A high-ranking United States military commander, who had overseen US special operations forces in Pakistan, took the stand as a government witness in the sentencing phase of Pfc. Bradley Manning’s trial. He was called to testify on how the publication of US State Embassy cables affected US-Pakistan relations, but testimony specifically detailing alleged impact was classified and was given entirely behind closed doors.
Maj. Gen. Michael Nagata, who served as a deputy commander of the Office of Defense Representative to Pakistan (ODRP), a defense attaché for the US Embassy in Islamabad from July 2009 to September 2011. He testified briefly about the “large and robust program” of “security assistance” provided to the Pakistan military including the Air Force and Navy. The “security assistance” was deployed to support “counterinsurgency efforts” against violent extremists including alleged members of the Taliban.
A “growing population of US special operations personnel” were brought to Pakistan to provide “direct support” in the Northwest Province of Khyber Pakhtunkhwa and the Federally Administered Tribal Areas (FATA) along the border of Afghanistan. The Pakistan military had requested this increased presence of US special operations forces, according to Nagata.
Military prosecutor, Cpt. Joe Morrow, had Nagata describe why the relationship with Pakistan was “important” to US national security and Nagata told the court the Pakistan military was combatting the “same violent extremist” enemy in the Pakistan-Afghanistan border areas that NATO and US forces are combatting in Afghanistan. The border is “porous” and “this adversary has the ability to flow across the border” with a “great deal of impunity.” Therefore, anything the US can do to support the Pakistan military’s effectivness is important.
Nagata also stated Pakistan is a “nuclear armed state” under “significant threat from violent extremist organizations.” The United States has an interest in securing Pakistan to prevent a connection from being made between terrorist and extremist organizations and the nuclear arsenal. There also is a “long history of armed confrontation between Pakistan and India” and anything that destabilizes the relationship can affect the “US national interest.”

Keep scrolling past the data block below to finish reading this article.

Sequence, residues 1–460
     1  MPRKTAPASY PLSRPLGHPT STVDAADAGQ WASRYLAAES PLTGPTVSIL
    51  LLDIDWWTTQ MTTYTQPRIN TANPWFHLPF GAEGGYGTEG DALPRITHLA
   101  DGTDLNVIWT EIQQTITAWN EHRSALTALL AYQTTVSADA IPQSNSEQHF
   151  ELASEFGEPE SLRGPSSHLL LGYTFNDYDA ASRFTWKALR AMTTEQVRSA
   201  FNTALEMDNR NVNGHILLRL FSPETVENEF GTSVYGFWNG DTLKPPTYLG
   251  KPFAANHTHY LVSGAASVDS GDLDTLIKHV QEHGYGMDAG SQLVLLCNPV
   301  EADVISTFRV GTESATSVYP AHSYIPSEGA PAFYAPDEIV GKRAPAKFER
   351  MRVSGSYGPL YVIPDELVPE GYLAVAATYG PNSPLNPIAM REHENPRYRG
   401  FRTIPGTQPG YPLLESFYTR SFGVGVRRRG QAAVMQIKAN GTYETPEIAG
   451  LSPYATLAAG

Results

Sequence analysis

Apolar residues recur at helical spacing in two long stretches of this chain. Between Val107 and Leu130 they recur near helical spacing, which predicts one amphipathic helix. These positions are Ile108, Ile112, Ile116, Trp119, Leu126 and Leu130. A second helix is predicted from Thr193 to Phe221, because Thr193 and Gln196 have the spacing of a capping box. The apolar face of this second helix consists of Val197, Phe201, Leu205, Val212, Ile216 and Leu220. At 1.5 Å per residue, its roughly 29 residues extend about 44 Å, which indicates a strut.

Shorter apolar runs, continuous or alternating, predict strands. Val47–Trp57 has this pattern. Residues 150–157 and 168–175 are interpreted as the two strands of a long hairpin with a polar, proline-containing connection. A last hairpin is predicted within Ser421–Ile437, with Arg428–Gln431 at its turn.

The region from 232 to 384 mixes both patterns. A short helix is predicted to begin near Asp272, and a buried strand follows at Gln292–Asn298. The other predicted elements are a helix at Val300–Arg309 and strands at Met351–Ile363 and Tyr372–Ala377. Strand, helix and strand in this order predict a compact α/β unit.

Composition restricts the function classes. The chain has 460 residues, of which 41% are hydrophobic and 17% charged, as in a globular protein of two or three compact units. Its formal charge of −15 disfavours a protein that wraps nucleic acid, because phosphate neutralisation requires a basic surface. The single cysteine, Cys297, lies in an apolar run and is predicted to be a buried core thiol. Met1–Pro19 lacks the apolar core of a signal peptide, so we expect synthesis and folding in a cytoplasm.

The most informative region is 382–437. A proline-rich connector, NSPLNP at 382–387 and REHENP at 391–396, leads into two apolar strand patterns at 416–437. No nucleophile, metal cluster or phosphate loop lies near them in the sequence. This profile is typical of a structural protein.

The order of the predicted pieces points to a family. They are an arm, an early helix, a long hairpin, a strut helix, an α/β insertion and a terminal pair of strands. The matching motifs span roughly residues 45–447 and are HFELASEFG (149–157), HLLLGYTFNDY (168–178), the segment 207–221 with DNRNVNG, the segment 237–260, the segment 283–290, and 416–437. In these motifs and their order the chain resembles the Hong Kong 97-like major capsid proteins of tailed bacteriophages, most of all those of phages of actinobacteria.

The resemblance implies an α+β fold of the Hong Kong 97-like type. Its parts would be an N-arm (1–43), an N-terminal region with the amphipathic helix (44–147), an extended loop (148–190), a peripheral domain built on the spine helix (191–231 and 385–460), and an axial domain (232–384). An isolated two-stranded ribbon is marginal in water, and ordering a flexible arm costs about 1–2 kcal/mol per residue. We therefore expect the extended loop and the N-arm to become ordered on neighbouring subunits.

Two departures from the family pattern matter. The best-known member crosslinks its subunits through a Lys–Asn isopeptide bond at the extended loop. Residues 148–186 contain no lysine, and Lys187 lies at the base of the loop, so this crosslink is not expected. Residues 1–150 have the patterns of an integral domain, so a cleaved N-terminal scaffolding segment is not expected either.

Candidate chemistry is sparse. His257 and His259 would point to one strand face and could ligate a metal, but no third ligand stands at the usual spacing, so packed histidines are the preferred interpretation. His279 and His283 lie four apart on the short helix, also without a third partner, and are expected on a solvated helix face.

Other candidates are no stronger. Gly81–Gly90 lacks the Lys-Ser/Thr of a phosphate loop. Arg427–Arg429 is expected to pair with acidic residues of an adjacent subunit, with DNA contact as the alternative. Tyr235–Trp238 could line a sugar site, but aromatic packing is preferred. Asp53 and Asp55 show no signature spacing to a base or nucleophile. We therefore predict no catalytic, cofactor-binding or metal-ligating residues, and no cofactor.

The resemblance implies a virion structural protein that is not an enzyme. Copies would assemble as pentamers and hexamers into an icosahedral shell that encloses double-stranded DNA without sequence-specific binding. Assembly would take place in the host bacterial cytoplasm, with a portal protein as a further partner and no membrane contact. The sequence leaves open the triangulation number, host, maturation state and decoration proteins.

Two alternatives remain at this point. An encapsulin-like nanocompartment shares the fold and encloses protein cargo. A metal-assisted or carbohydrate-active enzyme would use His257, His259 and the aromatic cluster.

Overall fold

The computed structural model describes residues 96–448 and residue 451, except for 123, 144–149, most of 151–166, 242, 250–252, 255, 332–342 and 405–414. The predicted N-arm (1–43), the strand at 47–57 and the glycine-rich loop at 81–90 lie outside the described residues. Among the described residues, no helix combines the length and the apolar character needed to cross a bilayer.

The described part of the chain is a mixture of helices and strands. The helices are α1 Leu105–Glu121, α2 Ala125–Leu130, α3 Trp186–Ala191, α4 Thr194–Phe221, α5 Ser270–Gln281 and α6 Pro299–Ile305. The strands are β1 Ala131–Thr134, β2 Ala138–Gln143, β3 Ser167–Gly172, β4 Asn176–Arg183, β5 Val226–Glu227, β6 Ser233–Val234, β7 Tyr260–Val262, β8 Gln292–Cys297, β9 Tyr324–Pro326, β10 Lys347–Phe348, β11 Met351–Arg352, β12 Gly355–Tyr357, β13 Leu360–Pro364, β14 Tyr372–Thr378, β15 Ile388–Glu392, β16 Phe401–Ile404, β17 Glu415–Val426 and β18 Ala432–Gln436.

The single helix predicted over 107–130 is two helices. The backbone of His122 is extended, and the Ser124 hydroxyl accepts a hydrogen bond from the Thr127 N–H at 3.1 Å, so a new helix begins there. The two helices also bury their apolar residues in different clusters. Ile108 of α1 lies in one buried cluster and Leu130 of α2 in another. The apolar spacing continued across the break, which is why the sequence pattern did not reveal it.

He mentioned how military-to-military relations had benefited from the humanitarian relief effort in the summer and in the fall of 2010 when there was a massive flood. At that point, the government called for the court to go into a closed session.
The defense had no questions for Nagata to ask in open court so there were no hints as to whether they were going to object to any of Nagata’s testimony.
What the press and public know from viewing is that the testimony was likely to address how the releases impacted the ability to conduct “counterinsurgency” operations, protect Pakistan’s nuclear arsenal from being compromised by terrorist groups or how they complicated Pakistan-India relations, which according to Nagata, if destabilized, can impact US national security.
Jeremy Scahill, journalist for The Nation, referred Firedoglake to tweets he had sent out in reaction to testimony from Nagata. He said, “After I reported” on Joint Special Operations Command operations in Pakistan, “Nagata met privately with Pakistani military leadership to assure them my report was false.” He “submitted a classified report” to a congressional intelligence committee on his reporting (as well as Seymour Hersh’s reporting) on Pakistan “saying we had invented stories.”
“The Wikileaks cables later validated many aspects of my reporting on JSOC/Pakistan, which Nagata claimed were false,” Scahill stated. “The cables showed that even the US ambassador was deeply concerned about JSOC’s activities in Pakistan,” activities which Nagata had denied. [cont’d.]